Women's experiences in the gendered environment of outdoor education in Aotearoa New Zealand : "I felt a need to prove my right to be there" : a thesis presented in partial fulfilment of the requirements for the degree of Master of Education in Adult Education, Massey University, Palmerston North, New Zealand
This study researches women’s experiences working in the gendered environment of Outdoor Education within the Aotearoa New Zealand context. Outdoor Education in Aotearoa New Zealand has been strongly influenced by both British and American interpretations and has evolved as a traditionally male gendered environment with normative measures of competence based on physical strength, speed and technical ability. Most women choosing to work in this environment have internalised the gender neutral discourse of outdoor education, accepting the measures of competence and entering as ‘conceptual males’. This approach has costs, not only for the women but also for their families and students. Insights gained from listening to the voices of women sharing their lived experiences highlight costs and issues that must be addressed to create change for the future.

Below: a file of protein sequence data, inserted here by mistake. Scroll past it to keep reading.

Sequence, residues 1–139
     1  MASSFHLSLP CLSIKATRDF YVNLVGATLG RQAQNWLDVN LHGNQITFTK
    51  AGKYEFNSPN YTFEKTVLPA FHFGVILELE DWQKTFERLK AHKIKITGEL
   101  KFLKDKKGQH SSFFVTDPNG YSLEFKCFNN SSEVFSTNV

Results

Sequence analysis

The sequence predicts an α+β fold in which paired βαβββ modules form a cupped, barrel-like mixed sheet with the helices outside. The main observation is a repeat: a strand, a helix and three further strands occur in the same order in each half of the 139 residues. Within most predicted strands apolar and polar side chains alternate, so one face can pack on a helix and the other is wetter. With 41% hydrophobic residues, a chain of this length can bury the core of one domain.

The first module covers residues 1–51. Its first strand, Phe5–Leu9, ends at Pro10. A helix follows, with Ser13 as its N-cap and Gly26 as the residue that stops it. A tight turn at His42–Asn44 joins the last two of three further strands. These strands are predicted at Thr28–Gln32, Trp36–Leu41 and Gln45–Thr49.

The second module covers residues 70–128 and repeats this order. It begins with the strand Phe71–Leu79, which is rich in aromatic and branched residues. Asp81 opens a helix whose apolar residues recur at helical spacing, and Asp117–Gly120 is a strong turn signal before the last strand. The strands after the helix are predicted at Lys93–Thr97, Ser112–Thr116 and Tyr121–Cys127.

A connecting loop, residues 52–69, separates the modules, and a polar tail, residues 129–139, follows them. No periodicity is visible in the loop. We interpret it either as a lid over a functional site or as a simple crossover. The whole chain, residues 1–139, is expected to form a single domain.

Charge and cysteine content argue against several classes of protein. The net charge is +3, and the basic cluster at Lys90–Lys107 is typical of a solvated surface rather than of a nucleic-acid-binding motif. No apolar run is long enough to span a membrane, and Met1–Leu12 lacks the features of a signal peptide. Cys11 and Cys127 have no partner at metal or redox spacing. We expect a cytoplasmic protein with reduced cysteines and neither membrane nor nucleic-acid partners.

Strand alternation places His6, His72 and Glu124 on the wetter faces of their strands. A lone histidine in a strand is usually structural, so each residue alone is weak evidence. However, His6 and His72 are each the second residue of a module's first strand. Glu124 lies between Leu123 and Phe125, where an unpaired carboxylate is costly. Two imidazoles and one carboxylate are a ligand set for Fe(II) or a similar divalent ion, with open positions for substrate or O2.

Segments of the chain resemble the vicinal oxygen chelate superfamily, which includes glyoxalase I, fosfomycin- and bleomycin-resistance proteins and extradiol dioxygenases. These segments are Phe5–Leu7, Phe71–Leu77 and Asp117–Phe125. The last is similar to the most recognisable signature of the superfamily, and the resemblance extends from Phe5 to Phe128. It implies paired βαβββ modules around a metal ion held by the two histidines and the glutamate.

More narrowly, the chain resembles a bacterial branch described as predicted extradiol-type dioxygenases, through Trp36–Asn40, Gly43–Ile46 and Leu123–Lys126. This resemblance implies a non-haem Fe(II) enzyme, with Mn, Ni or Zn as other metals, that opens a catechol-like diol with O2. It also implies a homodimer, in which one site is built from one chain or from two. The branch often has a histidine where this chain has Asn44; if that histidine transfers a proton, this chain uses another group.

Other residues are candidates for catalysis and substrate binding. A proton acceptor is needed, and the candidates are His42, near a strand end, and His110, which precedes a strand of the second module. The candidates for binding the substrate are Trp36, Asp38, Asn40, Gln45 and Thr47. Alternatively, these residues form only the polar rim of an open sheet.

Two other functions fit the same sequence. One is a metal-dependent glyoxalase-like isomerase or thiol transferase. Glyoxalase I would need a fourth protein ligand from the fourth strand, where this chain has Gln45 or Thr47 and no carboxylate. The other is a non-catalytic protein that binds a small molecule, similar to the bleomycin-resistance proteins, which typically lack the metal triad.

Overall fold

This research was undertaken using a feminist narrative perspective. Purposive sampling was used to identify women who had worked in outdoor education for a significant length of time. Semi-structured interviews were held with each woman to gather their experiences told through their own voices. The author’s own voice narrating her own lived experiences working in outdoor education is woven through the study. The experiences of the four respondents are presented in the form of mini case studies and interpreted through narrative enquiry.
The respondent’s stories suggest that they had entered outdoor education as conceptual males and had proven their right to be there against the male gendered measures of competence. Impacts resulting from doing this included doubting their competence, lack of confidence and constant feelings of pressure to improve and achieve more. All respondents followed an age related ‘career’ path showing a shift with focus on self being displaced by increased relational influences as they aged. Crossing the watershed to motherhood caused the women to address the competing discourses of good mothering and ideal worker and reassess their priorities.